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Texas Special Needs Trusts

Families with special needs children must exercise extra care in making their estate plans. This is true whether their special needs child is still a minor or now an adult, and particularly so when the child is – or in the foreseeable future will be — receiving needs-based public benefits such as SSI or Medicaid. While planning considerations for such a child will vary depending upon the child’s age, competency, and other family considerations, the goal is always the same: parents want their estates utilized to enhance and enrich the life of their special needs child while maintaining the child’s enrollment in essential public benefits programs. These goals can be met through the use of a properly prepared special needs trust.

The essence of all special needs estate planning is to ensure that the portion of the parents’ estate which passes to their special needs child at the time of their death is not considered an “available asset,” as defined by public benefit agencies. Parents must be mindful of both income and principal, as too much monthly income, as well as too much “cash,” can negatively impact their child’s future eligibility for benefits.


Special needs planning works to preserve public benefits for the disabled child while supplementing and enhancing the quality of the child’s life. This type of planning is useful for many different purposes, including

  • lifetime money management for the benefit of the disabled child;
  • protecting the child’s eligibility for public benefits; and
  • ensuring a pool of funds available for future use in the event public funding should cease or be restricted.

Planning Options

The options available to families in making an estate plan for a special needs child who is receiving needs-based public benefits include the following:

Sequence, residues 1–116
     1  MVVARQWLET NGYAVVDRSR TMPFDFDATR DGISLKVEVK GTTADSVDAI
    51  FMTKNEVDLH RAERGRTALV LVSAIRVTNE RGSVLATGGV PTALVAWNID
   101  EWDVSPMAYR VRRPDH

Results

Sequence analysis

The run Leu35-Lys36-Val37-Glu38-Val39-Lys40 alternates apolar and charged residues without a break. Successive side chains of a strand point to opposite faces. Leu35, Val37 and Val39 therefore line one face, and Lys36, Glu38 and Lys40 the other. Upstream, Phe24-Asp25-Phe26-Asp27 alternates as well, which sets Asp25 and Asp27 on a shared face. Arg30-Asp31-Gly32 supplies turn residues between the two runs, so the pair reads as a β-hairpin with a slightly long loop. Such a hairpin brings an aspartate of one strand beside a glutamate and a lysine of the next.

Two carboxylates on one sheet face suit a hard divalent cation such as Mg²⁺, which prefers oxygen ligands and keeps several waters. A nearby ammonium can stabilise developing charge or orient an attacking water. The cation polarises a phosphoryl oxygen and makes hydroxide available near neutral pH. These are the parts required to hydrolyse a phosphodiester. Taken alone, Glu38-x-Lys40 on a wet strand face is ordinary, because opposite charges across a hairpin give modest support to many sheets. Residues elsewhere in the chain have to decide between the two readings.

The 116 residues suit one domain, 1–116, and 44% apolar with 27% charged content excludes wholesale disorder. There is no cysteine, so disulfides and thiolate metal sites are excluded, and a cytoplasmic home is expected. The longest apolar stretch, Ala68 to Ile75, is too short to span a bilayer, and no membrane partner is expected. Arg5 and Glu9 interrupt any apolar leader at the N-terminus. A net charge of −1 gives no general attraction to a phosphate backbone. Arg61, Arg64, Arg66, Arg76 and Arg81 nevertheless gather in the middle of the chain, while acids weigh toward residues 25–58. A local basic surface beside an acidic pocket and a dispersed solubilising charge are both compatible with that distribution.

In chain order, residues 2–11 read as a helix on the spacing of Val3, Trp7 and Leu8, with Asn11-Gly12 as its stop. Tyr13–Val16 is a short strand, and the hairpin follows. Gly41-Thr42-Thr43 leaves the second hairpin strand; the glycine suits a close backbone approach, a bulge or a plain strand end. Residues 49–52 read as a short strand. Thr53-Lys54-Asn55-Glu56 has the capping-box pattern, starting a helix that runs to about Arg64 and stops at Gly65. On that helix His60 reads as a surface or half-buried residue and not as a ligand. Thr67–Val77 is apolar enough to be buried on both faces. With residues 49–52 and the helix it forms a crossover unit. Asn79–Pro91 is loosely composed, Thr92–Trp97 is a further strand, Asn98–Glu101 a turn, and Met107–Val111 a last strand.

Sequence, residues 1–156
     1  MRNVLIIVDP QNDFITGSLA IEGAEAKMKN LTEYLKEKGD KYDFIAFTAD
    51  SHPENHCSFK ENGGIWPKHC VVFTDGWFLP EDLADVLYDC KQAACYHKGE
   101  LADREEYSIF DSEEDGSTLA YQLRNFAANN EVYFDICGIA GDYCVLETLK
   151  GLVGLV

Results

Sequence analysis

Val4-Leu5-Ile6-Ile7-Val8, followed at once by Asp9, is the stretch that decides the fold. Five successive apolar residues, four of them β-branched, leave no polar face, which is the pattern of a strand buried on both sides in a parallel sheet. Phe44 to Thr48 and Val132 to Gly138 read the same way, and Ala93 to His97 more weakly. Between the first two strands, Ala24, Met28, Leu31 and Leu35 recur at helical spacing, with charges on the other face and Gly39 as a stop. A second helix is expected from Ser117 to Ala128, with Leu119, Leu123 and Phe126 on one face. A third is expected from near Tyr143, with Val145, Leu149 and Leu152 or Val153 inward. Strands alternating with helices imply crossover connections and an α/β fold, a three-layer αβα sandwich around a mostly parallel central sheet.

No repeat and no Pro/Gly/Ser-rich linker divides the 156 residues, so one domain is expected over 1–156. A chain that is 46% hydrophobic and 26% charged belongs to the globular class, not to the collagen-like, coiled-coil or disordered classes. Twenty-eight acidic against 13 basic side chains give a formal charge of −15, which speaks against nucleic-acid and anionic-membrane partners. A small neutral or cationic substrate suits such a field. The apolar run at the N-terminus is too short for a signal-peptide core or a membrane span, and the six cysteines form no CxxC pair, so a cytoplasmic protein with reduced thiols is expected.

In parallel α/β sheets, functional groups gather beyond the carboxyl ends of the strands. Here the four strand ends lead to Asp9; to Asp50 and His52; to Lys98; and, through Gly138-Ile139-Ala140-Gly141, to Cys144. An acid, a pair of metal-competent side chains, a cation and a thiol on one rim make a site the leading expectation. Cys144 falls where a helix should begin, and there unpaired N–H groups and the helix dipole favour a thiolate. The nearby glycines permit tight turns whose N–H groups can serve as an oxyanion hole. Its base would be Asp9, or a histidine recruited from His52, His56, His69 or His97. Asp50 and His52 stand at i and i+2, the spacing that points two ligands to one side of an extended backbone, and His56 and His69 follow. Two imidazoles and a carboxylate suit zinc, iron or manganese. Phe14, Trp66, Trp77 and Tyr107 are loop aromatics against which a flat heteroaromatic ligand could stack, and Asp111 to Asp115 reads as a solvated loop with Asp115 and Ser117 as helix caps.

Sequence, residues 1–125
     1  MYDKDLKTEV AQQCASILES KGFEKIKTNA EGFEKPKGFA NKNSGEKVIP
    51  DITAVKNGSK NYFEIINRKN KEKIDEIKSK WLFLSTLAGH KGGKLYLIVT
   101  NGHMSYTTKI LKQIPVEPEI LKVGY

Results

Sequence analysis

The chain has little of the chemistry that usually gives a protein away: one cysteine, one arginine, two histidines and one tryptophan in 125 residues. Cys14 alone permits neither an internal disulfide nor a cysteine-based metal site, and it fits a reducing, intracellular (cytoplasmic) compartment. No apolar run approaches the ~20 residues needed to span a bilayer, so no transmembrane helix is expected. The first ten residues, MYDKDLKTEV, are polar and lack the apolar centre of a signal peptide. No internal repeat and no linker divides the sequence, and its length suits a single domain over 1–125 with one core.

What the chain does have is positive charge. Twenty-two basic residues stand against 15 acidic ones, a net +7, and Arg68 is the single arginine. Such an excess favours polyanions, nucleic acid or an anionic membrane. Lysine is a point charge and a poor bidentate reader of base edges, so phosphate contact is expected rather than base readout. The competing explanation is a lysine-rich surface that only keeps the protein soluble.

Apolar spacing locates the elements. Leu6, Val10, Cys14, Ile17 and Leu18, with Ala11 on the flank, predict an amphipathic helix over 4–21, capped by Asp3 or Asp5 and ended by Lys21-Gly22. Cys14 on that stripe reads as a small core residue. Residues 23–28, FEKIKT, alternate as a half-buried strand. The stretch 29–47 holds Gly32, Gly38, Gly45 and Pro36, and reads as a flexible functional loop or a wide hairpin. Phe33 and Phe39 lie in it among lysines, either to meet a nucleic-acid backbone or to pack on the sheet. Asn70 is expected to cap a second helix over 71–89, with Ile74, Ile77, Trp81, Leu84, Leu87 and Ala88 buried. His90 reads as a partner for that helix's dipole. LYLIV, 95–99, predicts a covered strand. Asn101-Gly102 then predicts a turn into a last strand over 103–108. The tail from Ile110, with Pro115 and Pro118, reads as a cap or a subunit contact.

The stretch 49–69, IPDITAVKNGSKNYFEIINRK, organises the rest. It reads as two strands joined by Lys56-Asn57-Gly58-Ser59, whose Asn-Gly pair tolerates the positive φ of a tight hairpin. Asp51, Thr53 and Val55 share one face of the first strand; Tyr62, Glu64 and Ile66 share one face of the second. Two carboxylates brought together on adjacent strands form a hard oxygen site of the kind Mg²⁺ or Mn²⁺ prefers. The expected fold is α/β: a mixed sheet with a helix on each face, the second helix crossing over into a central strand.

• Disinherit the child. This is the simplest option, but it does nothing to accomplish the purpose of enriching the life of the special needs child.
  • Give the estate to the brothers and sisters. At the parents’ death the entirety of the estate is distributed to the child’s siblings, with the understanding that they will “take care of” their disabled brother or sister. There are inherent risks with such an approach, including claims by the siblings’ creditors, bankruptcy, divorce, mismanagement of funds, etc.
  • Leave an inheritance to the disabled child. The outcome of this planning option will be the almost certain negative impact on the child’s continued eligibility for publicly funded benefits. In the worst case scenario, the child may be rendered ineligible for SSI and Medicaid. The key benefit is Medicaid, as this program represents the child’s ability to access not only essential health care but many other public assistance programs.
  • Leave an inheritance in a Special Needs Trust. This last option is preferred by most families in their efforts to provide and ensure a positive outcome for a special needs child. By using a properly drafted – and properly administered – Special Needs Trust, the child will continue to qualify for public assistance programs that would otherwise be unavailable to the child, especially the “means tested” programs that require the child to meet strict financial eligibility criteria. A Special Needs Trust works because the assets held in the trust are not “available” to the child. Under no circumstances can the special needs child force the trustee to make trust money available to the child.